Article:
The Anti-racism Daily newsletter that pops into my inbox every morning around 3am provided excerpts from and links to five of Dr. King’s speeches:
Letters from a Birmingham Jail (April 16, 1963)
Beyond Vietnam (April 4, 1967)
The Role of the Behavioral Scientist in the Civil Rights Movement (September 1, 1967)
The Other America (March 14, 1968)
I’ve Been to the Mountaintop (April 3, 1968)
Being especially invested in what he had to say to behavioral scientists since I am one, I read the one he delivered as the keynote at the 1967 annual American Psychological Association. In it, he touches on everything from the ways that Blacks, but even more so, Whites, need the social sciences to understand themselves to urban riots to the Vietnam War to unemployment, weaving all the bits together into a compelling, coherent, and ultimately devastating whole. I think where he really shines, though, is right out of the gate when he argues:
“White America needs to understand that it is poisoned to its soul by racism and the understanding needs to be carefully documented and consequently more difficult to reject. The present crisis arises because although it is historically imperative that our society take the next step to equality, we find ourselves psychologically and socially imprisoned. All too many white Americans are horrified not with conditions of Negro life but with the product of these conditions-the Negro himself.”
He said this in 1967 and I think it’s still the case in 2021 – White America’s soul is poisoned by racism. I really don’t think we’ve grappled sufficiently with this reality. I really don’t think we’ve even scratched the surface of this reality. Whites are still psychologically and socially imprisoned by our prejudices and our unexamined biases (implicit and explicit) and bigotry. Some of us have been shaken some more awake, finally, by the footage of Derek Chauvin pressing his knee into George Floyd’s neck, pinning him to the asphalt for nearly 9 minutes, killing him. But I think most of us, most of the time (me included) are still mostly sleep walking when it comes to racism.
And here, I’m actually focused on the White people among us who want to wake up, who want to be antiracists. Some of us are doing the studying, the reading, the listening, the critical thinking that might, maybe help us see more clearly, to stop White-washing everything, to take risks that are in service of equity and equality. A few of us are doing this work in sustained ways, but more of us (me included) are doing it in fits and starts, picking it up when we’re jolted into remembering how awful things still are, only to let a hundred other things overtake us until something new jolts us.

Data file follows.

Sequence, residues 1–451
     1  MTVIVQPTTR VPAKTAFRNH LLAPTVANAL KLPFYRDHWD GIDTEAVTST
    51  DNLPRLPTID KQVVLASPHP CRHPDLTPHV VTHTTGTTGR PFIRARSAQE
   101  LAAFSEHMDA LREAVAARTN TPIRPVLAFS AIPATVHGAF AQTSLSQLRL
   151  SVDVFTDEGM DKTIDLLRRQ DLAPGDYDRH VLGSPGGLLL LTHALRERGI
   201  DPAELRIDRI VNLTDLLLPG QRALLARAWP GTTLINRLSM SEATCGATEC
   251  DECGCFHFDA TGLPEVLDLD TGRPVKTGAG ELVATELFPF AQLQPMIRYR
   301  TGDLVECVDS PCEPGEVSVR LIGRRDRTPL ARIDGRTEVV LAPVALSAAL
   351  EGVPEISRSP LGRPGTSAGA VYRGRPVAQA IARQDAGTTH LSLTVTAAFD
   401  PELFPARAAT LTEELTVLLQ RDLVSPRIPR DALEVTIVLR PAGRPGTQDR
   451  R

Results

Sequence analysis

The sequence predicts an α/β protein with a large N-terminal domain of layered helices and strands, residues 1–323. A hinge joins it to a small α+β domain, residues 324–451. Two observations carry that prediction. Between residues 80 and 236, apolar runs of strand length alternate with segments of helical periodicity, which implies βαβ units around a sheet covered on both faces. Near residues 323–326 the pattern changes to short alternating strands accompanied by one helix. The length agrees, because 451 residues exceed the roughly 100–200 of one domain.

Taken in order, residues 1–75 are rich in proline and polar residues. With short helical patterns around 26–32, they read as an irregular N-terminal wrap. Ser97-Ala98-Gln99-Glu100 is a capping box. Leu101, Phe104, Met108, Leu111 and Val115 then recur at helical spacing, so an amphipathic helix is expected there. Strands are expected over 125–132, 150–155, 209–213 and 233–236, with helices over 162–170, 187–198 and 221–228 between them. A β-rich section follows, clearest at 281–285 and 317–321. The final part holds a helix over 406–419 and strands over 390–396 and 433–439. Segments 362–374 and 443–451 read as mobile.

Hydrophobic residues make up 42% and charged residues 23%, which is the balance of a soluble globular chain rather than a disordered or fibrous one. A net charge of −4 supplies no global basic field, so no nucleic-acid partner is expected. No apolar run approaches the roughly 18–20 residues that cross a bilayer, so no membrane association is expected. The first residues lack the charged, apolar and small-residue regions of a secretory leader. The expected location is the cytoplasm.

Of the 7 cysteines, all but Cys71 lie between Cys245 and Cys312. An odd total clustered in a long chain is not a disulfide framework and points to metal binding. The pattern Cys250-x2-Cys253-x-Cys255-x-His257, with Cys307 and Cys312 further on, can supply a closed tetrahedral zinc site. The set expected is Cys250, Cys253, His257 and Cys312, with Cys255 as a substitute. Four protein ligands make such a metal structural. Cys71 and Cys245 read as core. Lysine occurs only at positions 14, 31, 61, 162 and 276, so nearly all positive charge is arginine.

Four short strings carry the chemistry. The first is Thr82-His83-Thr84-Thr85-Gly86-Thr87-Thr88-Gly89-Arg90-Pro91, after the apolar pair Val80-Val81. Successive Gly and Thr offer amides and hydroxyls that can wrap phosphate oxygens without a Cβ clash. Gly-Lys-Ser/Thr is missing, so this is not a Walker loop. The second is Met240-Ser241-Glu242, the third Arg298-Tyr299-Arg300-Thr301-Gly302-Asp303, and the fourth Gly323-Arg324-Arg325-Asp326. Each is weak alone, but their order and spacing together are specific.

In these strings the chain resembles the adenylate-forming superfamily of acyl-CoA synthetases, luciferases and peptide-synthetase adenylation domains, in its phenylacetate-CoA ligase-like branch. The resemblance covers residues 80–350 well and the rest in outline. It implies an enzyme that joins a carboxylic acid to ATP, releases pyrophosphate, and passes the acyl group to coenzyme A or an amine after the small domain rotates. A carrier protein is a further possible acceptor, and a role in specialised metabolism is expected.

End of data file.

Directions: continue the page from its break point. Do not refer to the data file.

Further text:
Then there are those who are so defended, who are so deeply in denial that they gin up souped-up revisionist a-historical fantasies like your idiotic “1776 Project.” Please. What a load of horseshit. I’m sure they’ll be many a school district across the country that’ll grab onto it like it’s one of those bright orange (of course) life-rings that drowning swimmers are beyond grateful to have tossed in front of them. If nothing else, you’ve ripped down several veils and shown us all that White supremacy and White Nationalism is alive and kicking – hard.
But you know what, I think there will be way more school districts that’ll use the 1619 Project. There are way more educators across the country who recognize that it’s high time we start unpacking our poisonous, racist history and start telling kids, and adults, the whole truth. And I bet there ‘ll be some teachers in some schools who will buck the “1776 (Propaganda) Project,” even if it’s the required material, and will risk the wrath of the community to use the 1619 Project.
So there’s hope on this MLK Day 2021 that maybe despite ourselves, some of us are lurching ungracefully towards the reckoning with race we all so desperately need even as the FBI is trying to figure out how to stop Proud Boys and QAnon sickos from slipping into the Inauguration to do whatever horrible, fundamentally racist, fascist things they think you want them to do (and no doubt actually do want them to do).
May we all be safe from our worst instincts.
May we be willing to stay engaged with antiracism work.
May we stay strong and committed.
May we accept that most Whites see only the tip of the iceberg of systemic racism.